Governments heavily relying on carbon dioxide removal (CDR) to fulfill climate targets may be in violation of international law and could face legal risks in the future, researchers from the University of Oxford and Imperial College London have warned in a recent study.
The study Legal limits to the use of CO2 removal, published last week in the prestigious Science Magazine, emphasizes the urgency of substantial cuts in greenhouse gas emissions to mitigate dependence on CDR, highlighting potential legal challenges if such actions are not taken promptly.
To combat global warming effectively, carbon dioxide (CO2) emissions must reach a state of “net zero,” where the amount emitted equals the amount removed from the atmosphere.
Many nations have outlined plans, aligning with the 1.5°C temperature increase limit under the 2015 Paris Agreement, which involve both reducing emissions and implementing CDR.
While some CDR projects show promise, these technologies are still in their early stages, the researches point out.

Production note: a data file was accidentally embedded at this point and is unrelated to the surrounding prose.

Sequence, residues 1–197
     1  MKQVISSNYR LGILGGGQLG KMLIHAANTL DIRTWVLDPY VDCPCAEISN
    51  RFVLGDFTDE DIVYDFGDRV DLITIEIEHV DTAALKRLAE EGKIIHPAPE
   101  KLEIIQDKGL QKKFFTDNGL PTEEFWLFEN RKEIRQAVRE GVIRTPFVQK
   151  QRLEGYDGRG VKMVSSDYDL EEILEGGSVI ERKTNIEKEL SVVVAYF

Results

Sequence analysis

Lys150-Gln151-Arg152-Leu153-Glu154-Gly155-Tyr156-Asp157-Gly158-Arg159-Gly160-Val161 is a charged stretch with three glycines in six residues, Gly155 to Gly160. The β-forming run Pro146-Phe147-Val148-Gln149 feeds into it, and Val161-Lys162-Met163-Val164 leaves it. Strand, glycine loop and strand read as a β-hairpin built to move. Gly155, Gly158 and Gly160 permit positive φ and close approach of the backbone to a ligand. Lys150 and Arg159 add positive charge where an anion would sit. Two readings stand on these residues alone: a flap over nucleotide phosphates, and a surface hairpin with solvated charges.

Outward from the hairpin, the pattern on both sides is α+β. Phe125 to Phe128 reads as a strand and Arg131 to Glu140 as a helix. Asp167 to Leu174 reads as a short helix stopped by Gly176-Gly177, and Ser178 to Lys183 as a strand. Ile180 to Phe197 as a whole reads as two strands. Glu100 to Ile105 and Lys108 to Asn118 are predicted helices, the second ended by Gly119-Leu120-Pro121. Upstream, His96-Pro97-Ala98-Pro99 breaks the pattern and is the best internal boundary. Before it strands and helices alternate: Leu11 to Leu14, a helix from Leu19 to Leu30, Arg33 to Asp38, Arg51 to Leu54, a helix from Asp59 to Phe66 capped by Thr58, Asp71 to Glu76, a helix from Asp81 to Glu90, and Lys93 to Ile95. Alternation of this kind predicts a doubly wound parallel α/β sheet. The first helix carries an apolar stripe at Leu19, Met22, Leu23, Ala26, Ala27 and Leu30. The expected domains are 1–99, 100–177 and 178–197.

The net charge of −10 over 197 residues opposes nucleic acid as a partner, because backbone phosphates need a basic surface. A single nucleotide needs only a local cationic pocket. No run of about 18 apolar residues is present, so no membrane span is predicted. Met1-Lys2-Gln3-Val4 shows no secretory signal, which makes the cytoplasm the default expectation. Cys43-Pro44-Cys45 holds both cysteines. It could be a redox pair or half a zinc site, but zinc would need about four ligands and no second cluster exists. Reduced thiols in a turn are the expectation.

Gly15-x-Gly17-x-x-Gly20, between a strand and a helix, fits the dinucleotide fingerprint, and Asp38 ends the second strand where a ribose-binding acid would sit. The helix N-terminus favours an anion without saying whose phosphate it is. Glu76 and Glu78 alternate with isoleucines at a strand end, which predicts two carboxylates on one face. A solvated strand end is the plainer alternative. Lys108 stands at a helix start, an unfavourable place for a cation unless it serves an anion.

The failure of governments to rapidly reduce emissions increases the reliance on CDR, posing risks such as insufficient deployment, leakage of removed CO2 back into the atmosphere, overshooting Paris Agreement targets, and competing with agriculture for land.
The researchers argue that these risks undermine the commitments of countries to contribute “fair” and “ambitious” net-zero goals aligned with scientific recommendations.
Furthermore, overdependence on CDR may not align with international law norms and principles, potentially leading to legal challenges for countries relying extensively on this approach.
“Inadequate near-term action creates a long-term dependence on removals,” co-author Professor Joeri Rogelj at Imperial said, explaining that this exposes future generations to additional risks and cleanup burdens.
Without legal guidance and limits on CDR use, over-reliance on removals may become a focal point of climate action legal challenges, he was quoted as saying by Imperial.
Citing precedents like Urgenda Foundation v. State of the Netherlands, the study suggests that legal action may be initiated against states that prioritize future extensive removals over immediate emissions reductions.
The researchers stress the need for more ambitious near-term greenhouse gas reduction commitments, urging governments to focus on immediate actions rather than relying on promises of future removals to avoid potential legal challenges as they approach COP28 climate negotiations in Dubai next month.